The Palm Springs Air Museum hosted a presentation Saturday recognizing the canned meat product’s contribution to the Allied effort during WWII, with a DVD documentary, recipes and samples of Spam’s relatively new low-sodium version.
The event was the brainchild of Harold Willliamson, the air museum’s former president who looked for ways to commemorate the 65th anniversary of the Allied victory.
“A hundred million pounds of Spam were shipped overseas during the war, and it was one of the key impacts on the home front in support of the troops,” he said Saturday.
Many U.S. troops became all too familiar with the canned Hormel pork product, packaged in durable and easy to ship rectangular cans. So much so that, at times many of them found they couldn’t bear to eat another bite.
Others, though, couldn’t get enough.
“We never had enough of it for it to really become a problem,” said Bob McKee, a Palm Springs resident and docent at the museum who fought in the Pacific theater.
He said he was more often fed frozen mutton and other sheep products that came from New Zealand and Australia wrapped in giant burlap bags.
“I couldn’t even stand to look at that stuff,” he said, talking about the mutton.
Spam became a major protein source for the British, and Soviet Union Premier Nikita Kruschev said it saved the Russian Army.
It became a staple for other populations as well.
Author Anke Otto Wolf, appearing at a book fair held Saturday in the same hangar as the Spam exhibit, broke into Williamson’s speech to add, “Spam saved my life.”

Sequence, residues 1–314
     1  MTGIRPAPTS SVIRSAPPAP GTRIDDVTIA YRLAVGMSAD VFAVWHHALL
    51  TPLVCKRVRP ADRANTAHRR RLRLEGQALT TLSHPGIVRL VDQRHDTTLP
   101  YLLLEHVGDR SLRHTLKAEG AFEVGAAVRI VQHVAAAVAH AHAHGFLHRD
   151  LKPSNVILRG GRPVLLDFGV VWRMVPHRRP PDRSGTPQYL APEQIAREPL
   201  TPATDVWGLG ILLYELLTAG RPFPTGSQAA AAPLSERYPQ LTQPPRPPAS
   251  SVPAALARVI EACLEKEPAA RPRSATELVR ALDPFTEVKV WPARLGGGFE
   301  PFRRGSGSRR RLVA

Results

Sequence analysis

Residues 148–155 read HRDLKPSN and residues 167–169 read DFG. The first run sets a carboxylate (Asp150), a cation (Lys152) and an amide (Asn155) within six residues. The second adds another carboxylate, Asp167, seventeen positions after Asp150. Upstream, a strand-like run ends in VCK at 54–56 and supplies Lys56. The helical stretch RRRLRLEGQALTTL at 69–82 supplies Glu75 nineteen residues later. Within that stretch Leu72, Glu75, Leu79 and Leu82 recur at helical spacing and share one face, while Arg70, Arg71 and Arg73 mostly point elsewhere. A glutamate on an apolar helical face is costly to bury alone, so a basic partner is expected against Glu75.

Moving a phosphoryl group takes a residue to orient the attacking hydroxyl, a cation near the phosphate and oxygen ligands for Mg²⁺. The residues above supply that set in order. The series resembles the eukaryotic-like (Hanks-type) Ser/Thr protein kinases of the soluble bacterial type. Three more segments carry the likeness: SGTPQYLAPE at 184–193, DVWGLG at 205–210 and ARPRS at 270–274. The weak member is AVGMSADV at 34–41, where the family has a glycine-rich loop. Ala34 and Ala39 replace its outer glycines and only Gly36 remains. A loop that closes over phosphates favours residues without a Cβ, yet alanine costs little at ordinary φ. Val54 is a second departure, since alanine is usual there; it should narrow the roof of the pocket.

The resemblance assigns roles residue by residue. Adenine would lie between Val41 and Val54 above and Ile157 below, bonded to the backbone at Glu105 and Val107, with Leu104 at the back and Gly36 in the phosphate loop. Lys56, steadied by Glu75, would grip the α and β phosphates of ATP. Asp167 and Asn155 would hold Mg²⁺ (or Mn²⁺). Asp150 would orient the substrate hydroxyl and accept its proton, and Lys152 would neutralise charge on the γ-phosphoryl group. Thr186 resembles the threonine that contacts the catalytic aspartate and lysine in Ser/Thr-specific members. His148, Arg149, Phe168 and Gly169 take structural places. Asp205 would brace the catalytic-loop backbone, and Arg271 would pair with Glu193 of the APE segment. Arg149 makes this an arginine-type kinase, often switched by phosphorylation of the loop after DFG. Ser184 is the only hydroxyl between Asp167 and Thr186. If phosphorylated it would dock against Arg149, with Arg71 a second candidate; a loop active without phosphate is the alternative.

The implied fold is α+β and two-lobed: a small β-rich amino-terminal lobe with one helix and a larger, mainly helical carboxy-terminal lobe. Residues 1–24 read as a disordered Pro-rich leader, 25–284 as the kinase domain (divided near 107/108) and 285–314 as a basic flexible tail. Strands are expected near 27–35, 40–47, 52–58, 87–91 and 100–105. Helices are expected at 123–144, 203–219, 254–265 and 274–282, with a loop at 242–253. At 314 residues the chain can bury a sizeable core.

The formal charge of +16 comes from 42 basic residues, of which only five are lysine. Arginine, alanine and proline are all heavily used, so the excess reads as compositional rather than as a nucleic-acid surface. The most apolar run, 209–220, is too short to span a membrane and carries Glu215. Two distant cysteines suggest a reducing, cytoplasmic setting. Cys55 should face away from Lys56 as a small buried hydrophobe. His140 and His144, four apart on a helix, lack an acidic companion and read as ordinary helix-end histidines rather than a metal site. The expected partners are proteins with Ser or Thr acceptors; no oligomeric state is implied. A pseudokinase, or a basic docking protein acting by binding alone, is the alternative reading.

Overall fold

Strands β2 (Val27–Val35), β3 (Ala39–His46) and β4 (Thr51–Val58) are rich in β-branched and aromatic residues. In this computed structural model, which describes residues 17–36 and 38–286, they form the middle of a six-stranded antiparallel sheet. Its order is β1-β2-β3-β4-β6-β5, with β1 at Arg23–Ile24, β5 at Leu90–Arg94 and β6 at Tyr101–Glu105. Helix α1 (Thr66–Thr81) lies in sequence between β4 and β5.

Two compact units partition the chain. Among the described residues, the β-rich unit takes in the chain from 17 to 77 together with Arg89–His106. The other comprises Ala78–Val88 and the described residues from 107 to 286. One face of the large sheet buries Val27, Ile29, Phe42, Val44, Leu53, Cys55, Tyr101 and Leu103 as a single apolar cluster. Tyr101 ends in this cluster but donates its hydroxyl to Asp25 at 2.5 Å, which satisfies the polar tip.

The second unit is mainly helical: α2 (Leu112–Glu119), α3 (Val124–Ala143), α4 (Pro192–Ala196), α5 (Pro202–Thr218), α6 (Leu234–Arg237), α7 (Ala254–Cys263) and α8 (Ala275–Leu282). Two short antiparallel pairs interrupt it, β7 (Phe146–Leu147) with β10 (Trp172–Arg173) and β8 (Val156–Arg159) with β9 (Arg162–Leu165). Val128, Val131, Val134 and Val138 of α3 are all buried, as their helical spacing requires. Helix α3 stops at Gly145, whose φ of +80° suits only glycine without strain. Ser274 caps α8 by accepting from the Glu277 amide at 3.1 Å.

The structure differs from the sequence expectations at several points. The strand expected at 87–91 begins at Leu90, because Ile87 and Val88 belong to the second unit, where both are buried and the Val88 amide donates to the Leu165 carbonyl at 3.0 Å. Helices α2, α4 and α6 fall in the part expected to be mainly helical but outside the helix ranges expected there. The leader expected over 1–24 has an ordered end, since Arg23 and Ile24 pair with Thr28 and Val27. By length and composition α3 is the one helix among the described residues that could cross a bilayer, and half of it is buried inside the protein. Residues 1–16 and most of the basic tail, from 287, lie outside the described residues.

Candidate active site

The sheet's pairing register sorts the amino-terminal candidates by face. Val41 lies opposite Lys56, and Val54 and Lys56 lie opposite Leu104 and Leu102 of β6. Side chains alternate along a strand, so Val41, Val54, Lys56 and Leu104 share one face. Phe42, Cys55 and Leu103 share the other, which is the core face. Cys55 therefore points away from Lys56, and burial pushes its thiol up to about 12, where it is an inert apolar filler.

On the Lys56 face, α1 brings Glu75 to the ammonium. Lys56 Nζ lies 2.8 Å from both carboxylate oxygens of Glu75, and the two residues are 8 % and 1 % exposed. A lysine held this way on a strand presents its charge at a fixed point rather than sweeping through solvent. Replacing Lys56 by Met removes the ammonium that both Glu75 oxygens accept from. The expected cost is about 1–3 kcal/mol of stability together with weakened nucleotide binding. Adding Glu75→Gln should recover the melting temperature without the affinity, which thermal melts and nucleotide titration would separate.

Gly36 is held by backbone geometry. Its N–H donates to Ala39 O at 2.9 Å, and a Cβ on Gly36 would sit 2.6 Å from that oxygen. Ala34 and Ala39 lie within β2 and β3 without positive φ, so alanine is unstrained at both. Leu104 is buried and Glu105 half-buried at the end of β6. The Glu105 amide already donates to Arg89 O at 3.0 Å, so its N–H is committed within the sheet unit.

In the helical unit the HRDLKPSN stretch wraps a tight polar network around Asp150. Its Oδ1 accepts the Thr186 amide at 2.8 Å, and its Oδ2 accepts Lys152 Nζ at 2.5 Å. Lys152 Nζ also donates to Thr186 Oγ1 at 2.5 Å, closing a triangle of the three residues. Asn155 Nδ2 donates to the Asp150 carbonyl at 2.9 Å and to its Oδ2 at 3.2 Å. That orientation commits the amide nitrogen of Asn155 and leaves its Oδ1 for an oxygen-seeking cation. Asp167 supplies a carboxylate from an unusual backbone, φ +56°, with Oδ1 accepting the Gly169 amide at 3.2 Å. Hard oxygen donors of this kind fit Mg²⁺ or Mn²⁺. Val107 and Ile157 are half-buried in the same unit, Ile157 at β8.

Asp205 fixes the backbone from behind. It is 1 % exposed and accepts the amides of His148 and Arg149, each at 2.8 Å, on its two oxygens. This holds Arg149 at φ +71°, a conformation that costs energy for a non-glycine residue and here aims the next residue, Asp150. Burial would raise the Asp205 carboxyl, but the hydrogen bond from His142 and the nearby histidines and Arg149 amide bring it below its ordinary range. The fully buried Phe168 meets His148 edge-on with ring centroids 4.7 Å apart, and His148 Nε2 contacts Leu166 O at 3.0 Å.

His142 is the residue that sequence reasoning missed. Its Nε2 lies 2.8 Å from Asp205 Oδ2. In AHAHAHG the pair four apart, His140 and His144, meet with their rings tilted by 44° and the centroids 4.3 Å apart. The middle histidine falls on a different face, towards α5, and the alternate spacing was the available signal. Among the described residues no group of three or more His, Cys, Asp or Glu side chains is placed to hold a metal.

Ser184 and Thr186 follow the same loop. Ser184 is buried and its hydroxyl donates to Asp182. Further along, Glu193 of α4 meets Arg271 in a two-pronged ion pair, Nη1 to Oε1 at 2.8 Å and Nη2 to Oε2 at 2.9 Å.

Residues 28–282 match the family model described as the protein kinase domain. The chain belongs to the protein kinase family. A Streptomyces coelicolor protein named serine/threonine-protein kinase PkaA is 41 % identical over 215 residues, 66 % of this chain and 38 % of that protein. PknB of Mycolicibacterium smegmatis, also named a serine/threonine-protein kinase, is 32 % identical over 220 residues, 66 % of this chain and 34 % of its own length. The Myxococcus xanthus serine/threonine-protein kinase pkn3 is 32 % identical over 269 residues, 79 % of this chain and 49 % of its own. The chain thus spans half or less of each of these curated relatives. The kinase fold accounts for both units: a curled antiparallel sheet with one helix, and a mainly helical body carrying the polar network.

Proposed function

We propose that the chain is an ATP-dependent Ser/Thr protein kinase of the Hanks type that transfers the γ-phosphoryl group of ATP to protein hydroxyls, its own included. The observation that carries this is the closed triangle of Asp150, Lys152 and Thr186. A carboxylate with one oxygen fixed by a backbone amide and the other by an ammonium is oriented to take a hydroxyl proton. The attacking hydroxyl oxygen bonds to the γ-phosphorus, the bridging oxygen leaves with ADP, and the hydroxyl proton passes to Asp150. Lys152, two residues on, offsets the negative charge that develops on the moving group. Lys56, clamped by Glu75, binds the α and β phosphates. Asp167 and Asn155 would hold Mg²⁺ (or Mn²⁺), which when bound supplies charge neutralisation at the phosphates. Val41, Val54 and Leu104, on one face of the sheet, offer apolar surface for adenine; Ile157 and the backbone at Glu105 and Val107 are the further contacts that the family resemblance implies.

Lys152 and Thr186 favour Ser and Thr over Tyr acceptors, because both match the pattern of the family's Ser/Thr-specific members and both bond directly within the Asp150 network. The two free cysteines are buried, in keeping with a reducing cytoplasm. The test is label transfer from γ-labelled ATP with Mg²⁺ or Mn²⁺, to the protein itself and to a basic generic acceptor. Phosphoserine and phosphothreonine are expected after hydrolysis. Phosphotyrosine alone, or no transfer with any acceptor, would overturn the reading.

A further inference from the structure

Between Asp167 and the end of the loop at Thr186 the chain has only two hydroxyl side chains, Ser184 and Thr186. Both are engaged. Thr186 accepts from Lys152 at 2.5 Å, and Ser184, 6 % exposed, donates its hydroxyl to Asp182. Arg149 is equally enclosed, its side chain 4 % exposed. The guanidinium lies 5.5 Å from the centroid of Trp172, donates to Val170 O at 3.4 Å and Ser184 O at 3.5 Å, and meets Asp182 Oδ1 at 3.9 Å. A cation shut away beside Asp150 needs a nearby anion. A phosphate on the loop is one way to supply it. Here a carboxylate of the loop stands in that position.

She explained that she was born in Berlin before the war, and after German dictator Adolf Hitler’s regime collapsed, Allied troops fed Spam to her family and other Germans.
“I didn’t think about that story until I heard Spam was going to be here today,” she said.
It was also introduced to locals in Hawaii and the rest of the South Pacific during the war, and remains a vital part of the regional diet today.
Air museum Education Director Greg Kenny pointed out it was among the supplies taken to the disabled Carnival Cruise ship that had to be towed back to San Diego last month.
Ken Woodward, a Korean War and World War II veteran who watched the presentation, said there are many groups it could be valuable for today.
It’s made inroads into South Korea, he noted, “and the North Koreans should have it, because they’re starving up there because of that dictator they have.
“That’s part of the difference between democracy and dictatorship.”